Please send your proposal to firstname.lastname@example.org
For the latest news on Worlding the Brain 2017 see www.worldingthebrain2017.com
Deadline for proposals: 1 July 2017
Notifications by: 15 July 2017
Conference fee: 150 Euros (fee waivers available to students and artists), to be paid before 1 August 2017
Information on the keynote speakers:
Vittorio Gallese is Professor of Physiology at the University of Parma with appointments in the departments of neuroscience, psychiatry and psychology. His research investigates the brain mechanisms underlying social cognition, in particular empathy and its role in aesthetic experience. Gallese is one of the discoverers of mirror neurons and remains a main contributor to research on this key finding in cognitive neuroscience and to the interpretation of its implications in a variety of domains and disciplines, for example in his recent book, The Birth of Intersubjectivity: Psychodynamics, Neurobiology, and the Self (with Massimo Ammaniti, W.W. Norton, 2014). Professor Gallese also holds an appointment as professor in Experimental Aesthetics at the University of London, where he is researching the neural basis of aesthetic experience.
Felicity Callard is Professor in Social Science for Medical Humanities at Durham University, UK. Her research sits at the intersection of the social sciences and the humanities and specifically addresses twentieth- and twenty-first century psychiatry, psychology, psychoanalysis and cognitive neuroscience. She has a strong interest in practices, epistemologies and histories of interdisciplinarity, as manifested in her co-authored, Open Access book, Rethinking Interdisciplinarity across the Social Sciences and Neurosciences (Palgrave, 2015). From October 2014 to December 2016, Callard was Director of Hubbub - the first interdisciplinary residency of the Hub at Wellcome Collection - where she led a team of scientists, artists, humanists, clinicians, public health experts and public engagement professionals, who explored states of rest and its opposites in mental health, cognitive neuroscience, the arts and the everyday.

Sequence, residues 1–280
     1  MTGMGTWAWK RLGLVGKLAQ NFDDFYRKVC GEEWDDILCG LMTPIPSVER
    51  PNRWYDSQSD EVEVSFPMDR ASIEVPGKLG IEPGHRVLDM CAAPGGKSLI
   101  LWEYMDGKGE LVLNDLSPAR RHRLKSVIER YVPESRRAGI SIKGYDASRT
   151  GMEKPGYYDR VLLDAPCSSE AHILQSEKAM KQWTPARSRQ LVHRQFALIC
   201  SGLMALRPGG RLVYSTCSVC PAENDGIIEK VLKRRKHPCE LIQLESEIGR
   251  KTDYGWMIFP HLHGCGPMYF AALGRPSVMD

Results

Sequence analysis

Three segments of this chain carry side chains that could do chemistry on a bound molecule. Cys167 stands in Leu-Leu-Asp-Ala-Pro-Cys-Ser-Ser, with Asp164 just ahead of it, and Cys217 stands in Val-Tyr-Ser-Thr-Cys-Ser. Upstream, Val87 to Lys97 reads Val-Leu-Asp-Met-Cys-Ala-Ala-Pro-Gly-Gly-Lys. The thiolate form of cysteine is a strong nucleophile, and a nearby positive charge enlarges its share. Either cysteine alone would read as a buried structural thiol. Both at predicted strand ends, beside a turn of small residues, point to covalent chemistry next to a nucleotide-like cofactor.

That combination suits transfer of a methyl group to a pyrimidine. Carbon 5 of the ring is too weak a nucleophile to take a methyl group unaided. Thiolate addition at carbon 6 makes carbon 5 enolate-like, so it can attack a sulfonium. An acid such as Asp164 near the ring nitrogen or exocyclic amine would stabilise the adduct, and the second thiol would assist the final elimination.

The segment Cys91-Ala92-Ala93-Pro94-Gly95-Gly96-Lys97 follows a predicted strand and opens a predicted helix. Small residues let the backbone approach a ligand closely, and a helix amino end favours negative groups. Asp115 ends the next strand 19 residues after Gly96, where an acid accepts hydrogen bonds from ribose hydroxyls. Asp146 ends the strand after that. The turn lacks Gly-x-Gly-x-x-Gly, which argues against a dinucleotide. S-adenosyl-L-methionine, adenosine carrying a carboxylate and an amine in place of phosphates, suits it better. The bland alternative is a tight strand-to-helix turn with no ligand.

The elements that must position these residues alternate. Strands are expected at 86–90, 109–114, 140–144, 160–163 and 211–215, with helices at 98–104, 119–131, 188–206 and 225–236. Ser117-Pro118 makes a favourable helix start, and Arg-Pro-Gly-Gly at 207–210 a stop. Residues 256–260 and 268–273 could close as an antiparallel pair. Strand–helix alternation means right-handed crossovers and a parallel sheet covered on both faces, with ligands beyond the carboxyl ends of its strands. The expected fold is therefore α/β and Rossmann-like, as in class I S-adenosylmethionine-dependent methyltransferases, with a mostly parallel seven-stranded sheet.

Alva Noë is Professor of Philosophy at the University of California, Berkeley, where he is also a member of the Institute for Cognitive and Brain Sciences and the Center for New Media. He works on the nature of mind and human experience, insisting on the embodied nature of cognition and the enactive nature of interactions between body, mind and world. He is the author of Action in Perception (MIT Press, 2004), Out of Our Heads (Farrar Straus and Giroux, 2009), Varieties of Presence (Harvard University Press, 2012), and Strange Tools (Farrar, Straus and Giroux, 2015). He has been philosopher-in-residence with The Forsythe Company and has also collaborated with a number of dance artists. Alva Noë is a 2012 recipient of a Guggenheim fellowship and a former fellow of the Wissenschaftskolleg zu Berlin. He is a weekly contributor to National Public Radio's science blog 13.7: Cosmos and Culture.
This conference is organized by the ASCA research group Neuroaesthetics and Neurocultures at the University of Amsterdam (conference team: Patricia Pisters, Stephan Besser, Machiel Keestra, Julian Kiverstein, Flora Lysen). This conference is made possible by grants from and collaboration with: Amsterdam School of Cultural Analysis (ASCA), the Amsterdam Centre for Globalization Studies (ACGS), Amsterdam Brain and Cognition (ABC), the Netherlands School for Cultural Analysis (NICA) and the Cutting Edge Research fund by the University of Amsterdam
Conference theme design: Anton Weflo and Johanna Ehde